On the Anniversary of Kristallnacht, a Rare Story of Two Righteous Gentiles

When Hitler came to power in Germany in 1933, Friedrich and Pauline Kellner, known to their neighbors as longtime opponents of the Nazis, left Mainz for the small town of Laubach, hoping to avoid trouble with the new government. Friedrich found work there as the manager of a courthouse, which also afforded him some small amount of protection. The Kellners’ grandson, Robert Scott Kellner, describes how they helped a Jewish family in the town:

As worried Jews sought to leave Germany, a Jewish woman in Laubach, Hulda Heynemann, approached Pauline for help. The police had brought false charges against her son-in-law, Julius Abt, to confiscate his property. Friedrich . . . and Pauline helped Abt get to the port in Hamburg to leave for America. The Heynemanns’ daughter, Lucie, expecting a child, remained behind until she gave birth. The Kellners helped mother and infant son get away as well. They tried to convince Lucie’s parents to leave with her, but the Heynemann family had been in Laubach for generations, and the old couple felt certain their neighbors would do them no harm. . . .

The Heynemanns made a mistake trusting their neighbors. On the moonlit night of November 9, 1938, during an orchestrated nationwide frenzy of religious and racial hatred [that came to be known as Kristallnacht], Friedrich and Pauline Kellner tried vainly to halt the mob seeking to attack the town’s Jews. The judge who presided over the court, Ludwig Schmitt, refused Friedrich’s request to bring the Jewish families into the courthouse for protection. . . .

Friedrich wanted to press charges against the leaders of the stormtroopers [who led the assault], bringing his and Pauline’s written testimony to Judge Schmitt. The judge angrily denounced him and said [that the leader of the local Nazi women’s group] had demanded an investigation into Pauline’s ancestry to see if she had Jews in her family—nothing else could explain why the wife of a justice official sent her son to America to avoid army service, did not cooperate with the women’s group, and helped Jews. “And we have questions about you, too,” the judge said ominously to Friedrich, telling him the matter was already in the hands of the state authorities in Darmstadt.

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More about: Anti-Semitism, History & Ideas, Holocaust, Kristallnacht, Righteous Among the Nations

The Reasons for Prime Minister Netanyahu’s Staying Power

Nov. 20 2018

This week, Benjamin Netanyahu seems to have narrowly avoided the collapse of his governing coalition despite the fact that one party, Yisrael Beiteinu, withdrew and another, the Jewish Home, threatened to follow suit. Moreover, he kept the latter from defecting without conceding its leader’s demand to be appointed minister of defense. Even if the government were to collapse, resulting in early elections, Netanyahu would almost certainly win, writes Elliot Jager:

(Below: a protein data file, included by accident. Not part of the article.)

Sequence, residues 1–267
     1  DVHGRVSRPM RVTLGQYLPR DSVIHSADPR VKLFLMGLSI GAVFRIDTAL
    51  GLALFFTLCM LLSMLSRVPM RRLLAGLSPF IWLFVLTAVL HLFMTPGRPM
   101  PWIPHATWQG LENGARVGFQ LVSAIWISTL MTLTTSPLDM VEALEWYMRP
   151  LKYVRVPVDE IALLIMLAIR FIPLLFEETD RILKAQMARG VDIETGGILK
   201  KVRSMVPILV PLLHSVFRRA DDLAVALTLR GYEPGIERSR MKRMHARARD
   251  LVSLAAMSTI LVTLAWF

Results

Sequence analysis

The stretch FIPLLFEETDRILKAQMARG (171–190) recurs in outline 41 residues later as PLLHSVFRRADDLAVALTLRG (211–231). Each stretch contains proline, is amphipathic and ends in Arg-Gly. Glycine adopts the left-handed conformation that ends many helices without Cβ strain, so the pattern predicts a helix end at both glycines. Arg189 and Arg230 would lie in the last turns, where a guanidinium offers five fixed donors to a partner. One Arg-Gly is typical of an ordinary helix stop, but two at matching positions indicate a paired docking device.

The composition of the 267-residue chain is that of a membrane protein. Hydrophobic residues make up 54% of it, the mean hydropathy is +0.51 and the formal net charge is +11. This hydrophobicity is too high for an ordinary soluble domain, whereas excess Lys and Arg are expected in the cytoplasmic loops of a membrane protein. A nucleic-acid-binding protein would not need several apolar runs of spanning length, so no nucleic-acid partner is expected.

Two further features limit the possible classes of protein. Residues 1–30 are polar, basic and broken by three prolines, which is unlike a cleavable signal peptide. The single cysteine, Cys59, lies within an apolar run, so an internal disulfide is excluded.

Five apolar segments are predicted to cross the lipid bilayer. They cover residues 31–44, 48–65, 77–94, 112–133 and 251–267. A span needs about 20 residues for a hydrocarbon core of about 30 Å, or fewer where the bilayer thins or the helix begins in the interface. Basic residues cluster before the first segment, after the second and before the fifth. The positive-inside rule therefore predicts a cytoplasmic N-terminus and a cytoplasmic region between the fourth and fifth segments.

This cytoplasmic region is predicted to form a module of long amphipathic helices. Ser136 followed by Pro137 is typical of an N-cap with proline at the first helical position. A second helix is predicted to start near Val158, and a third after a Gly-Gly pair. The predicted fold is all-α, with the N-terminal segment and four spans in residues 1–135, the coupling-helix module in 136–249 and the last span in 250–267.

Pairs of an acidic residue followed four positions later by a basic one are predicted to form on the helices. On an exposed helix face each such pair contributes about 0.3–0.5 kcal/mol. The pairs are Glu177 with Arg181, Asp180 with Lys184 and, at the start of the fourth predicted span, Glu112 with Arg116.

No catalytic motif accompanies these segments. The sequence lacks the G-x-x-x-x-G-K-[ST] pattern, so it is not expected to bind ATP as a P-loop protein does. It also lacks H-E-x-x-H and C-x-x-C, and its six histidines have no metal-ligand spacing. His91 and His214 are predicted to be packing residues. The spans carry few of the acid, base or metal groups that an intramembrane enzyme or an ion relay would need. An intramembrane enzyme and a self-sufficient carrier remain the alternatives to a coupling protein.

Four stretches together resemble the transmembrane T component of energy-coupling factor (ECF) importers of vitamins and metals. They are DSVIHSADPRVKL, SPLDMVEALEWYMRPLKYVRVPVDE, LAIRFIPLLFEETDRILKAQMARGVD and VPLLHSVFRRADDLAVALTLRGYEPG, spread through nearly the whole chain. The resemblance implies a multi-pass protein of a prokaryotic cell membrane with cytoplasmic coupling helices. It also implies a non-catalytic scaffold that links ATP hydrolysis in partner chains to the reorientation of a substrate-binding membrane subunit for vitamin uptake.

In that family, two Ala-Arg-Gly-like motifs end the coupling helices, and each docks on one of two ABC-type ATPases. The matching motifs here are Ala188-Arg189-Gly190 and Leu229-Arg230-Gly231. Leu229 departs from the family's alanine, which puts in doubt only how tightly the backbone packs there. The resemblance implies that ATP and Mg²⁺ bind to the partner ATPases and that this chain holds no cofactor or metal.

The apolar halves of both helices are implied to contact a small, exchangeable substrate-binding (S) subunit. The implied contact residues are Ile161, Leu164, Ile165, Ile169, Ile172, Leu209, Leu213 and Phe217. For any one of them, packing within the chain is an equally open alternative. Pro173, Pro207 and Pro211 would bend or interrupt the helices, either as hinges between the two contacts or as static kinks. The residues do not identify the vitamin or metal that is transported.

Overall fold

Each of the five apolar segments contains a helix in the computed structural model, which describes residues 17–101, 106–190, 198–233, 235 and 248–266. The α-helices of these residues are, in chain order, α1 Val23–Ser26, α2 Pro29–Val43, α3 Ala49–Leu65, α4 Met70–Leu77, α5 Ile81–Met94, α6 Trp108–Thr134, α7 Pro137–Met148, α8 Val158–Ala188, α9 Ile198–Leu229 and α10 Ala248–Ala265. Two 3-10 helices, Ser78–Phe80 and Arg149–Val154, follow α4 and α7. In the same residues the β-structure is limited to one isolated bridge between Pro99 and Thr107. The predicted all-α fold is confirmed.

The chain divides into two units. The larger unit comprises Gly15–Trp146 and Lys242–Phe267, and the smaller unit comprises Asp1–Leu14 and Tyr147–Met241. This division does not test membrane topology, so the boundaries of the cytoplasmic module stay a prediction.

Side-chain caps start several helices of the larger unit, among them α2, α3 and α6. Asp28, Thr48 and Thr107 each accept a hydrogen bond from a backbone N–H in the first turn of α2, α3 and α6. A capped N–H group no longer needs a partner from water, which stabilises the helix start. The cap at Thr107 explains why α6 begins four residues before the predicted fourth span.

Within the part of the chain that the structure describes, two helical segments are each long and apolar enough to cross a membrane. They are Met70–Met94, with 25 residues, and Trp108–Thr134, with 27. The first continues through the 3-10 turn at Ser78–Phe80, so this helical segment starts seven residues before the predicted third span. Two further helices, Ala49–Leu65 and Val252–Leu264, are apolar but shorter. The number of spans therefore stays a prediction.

[Netanyahu’s] detractors think him Machiavellian, duplicitous, and smug—willing to do anything to stay in power. His supporters would not automatically disagree. Over 60 percent of Israelis tell pollsters that they will be voting for a party other than Likud—some supposing their favored party will join a Netanyahu-led coalition while others hoping against the odds that Likud can be ousted.

Opponents would [also] like to think the prime minister’s core voters are by definition illiberal, hawkish, and religiously inclined. However, the 30 percent of voters who plan to vote Likud reflect a broad segment of the population. . . .

Journalists who have observed Netanyahu over the years admire his fitness for office even if they disagree with his actions. A strategic thinker, Netanyahu’s scope of knowledge is both broad and deep. He is a voracious reader and a quick study. . . . Foreign leaders may not like what he says but cannot deny that he speaks with panache and authority. . . .

The prime minister or those around him are under multiple police investigations for possible fraud and moral turpitude. Under Israel’s system, the police investigate and can recommend that the attorney general issue an indictment. . . . Separately, Mrs. Netanyahu is in court for allegedly using public monies to pay for restaurant meals. . . . The veteran Jerusalem Post political reporter Gil Hoffman maintains that Israelis do not mind if Netanyahu appears a tad corrupt because they admire a politician who is nobody’s fool. Better to have a political figure who cannot be taken advantage of than one who is incorruptible but naïve.

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More about: Benjamin Netanyahu, Israel & Zionism, Israeli politics